How to Grow Potatoes

1st chit away.

Chitting (Sprouting) Potatoes gives your potatoes a head start before they go into the ground. To chit, put them eyes up in an egg carton or tray. Put them in a light frost free place (8-10c) not in direct sunlight. On the other hand if your sprouts are pale and long then they are not getting enough light. Once your potatoes have three good sized sprouts then it’s time to plant them. For larger potatoes in your crop reduce your number of sprouts to three. Some people do not chit at all, resulting in a longer wait till harvest time, which isn’t always a bad thing.

veg_potato_chitted

Planting Potatoes in the Ground
  • Plant in a site in full sun (at least 6 hours a day). Avoid soil where potatoes or tomatoes have been grown before to avoid disease like blight.
  • Add lots of compost and well-rotted manure. A slightly acidic soil is preferable and will deter potato scab. If needed add sulphur to make soil more acidic. Use a PH tester to be sure.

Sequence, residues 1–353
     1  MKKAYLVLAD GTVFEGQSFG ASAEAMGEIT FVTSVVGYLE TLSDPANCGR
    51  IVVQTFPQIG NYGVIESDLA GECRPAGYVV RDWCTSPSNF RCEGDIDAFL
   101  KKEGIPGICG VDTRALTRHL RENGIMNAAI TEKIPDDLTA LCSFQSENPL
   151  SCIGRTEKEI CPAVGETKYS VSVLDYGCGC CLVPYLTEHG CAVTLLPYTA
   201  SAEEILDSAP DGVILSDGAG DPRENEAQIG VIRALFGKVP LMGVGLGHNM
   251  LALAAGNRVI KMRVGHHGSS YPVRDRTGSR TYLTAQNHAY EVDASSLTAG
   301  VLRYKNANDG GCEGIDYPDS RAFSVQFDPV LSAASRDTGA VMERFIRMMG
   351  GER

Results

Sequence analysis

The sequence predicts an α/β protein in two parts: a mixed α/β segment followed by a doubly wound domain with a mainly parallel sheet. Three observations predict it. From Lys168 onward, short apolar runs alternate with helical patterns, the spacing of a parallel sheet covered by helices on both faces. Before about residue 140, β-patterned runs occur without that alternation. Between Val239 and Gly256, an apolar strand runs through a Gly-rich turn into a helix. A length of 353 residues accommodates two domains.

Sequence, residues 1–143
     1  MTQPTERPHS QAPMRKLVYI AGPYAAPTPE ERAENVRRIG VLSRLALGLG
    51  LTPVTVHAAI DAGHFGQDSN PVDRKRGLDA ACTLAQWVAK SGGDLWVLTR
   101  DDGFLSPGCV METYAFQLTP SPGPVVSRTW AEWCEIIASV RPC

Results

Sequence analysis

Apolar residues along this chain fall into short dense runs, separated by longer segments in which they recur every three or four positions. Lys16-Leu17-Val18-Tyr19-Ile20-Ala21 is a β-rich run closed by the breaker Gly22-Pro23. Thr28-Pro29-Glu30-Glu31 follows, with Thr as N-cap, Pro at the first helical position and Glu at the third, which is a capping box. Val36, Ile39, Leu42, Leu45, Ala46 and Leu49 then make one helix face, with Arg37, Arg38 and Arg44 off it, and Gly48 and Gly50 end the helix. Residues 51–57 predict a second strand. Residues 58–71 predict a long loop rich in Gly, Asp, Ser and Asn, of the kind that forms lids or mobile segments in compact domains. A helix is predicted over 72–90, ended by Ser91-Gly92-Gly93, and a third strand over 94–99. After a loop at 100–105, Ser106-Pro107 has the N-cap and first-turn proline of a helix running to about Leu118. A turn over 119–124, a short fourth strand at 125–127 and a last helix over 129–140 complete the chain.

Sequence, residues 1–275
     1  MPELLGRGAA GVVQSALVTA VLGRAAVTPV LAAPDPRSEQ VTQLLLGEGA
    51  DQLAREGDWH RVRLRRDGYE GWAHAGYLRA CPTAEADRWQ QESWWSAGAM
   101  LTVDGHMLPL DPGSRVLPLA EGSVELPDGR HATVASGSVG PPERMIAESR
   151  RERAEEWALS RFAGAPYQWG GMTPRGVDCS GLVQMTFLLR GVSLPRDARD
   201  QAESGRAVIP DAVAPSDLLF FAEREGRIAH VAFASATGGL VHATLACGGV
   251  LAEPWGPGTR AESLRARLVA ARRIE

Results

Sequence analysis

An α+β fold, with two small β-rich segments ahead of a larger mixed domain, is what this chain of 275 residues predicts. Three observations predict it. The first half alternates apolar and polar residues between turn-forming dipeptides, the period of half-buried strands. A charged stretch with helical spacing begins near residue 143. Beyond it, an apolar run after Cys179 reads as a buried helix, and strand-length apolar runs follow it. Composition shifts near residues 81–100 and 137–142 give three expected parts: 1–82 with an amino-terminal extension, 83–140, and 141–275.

• Dig rows to a depth of about 10cm and place seed potatoes in trench with sprouts facing up.
  • It is important to ‘earth up’ as shoots emerge to protect from frost
  • If you decide to fertilise use a potato fertiliser that is high in potassium and potash. Other fertilisers will be too high in nitrogen producing too much vegetation. Or feed with a fish fertiliser.
Crop Type Planting Time Distance in row Distance of rows Harvest time
1st Early End of August 30cm 60cm 10wks
2nd Early Mid September 37cm 75cm 13wks
Maincrop Late Sept/Oct 45cm 75cm 20wks

*These dates are approximates and may change with the weather. If it’s still cold and frosty plant out later. Bearing in mind the Wakatipu can get frosts till the end of October.

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Planting in containers
  • 1st Earlies and 2nd Earlies can be planted in containers. 3rd Earlies take up too much space, needing to spread their roots in the ground.
  • Position your planter in full sun.
  • A taller planter works best, one that’s at least 50cm tall.
  • Put a layer of good quality compost in the bottom of the container. Then put your potatoes in about 30cm apart.
  • Cover with about 10cm of compost, keep the soil damp but not wet, you don’t want the potatoes to rot before they get going.
  • As shoots grow up, cover them with more compost, or you can mix compost with straw and manure. The medium needs to be fairly light for the potato shoots to push through.
  • When you have lot’s of growth on your potatoes make sure you keep them well watered.

Potatoes

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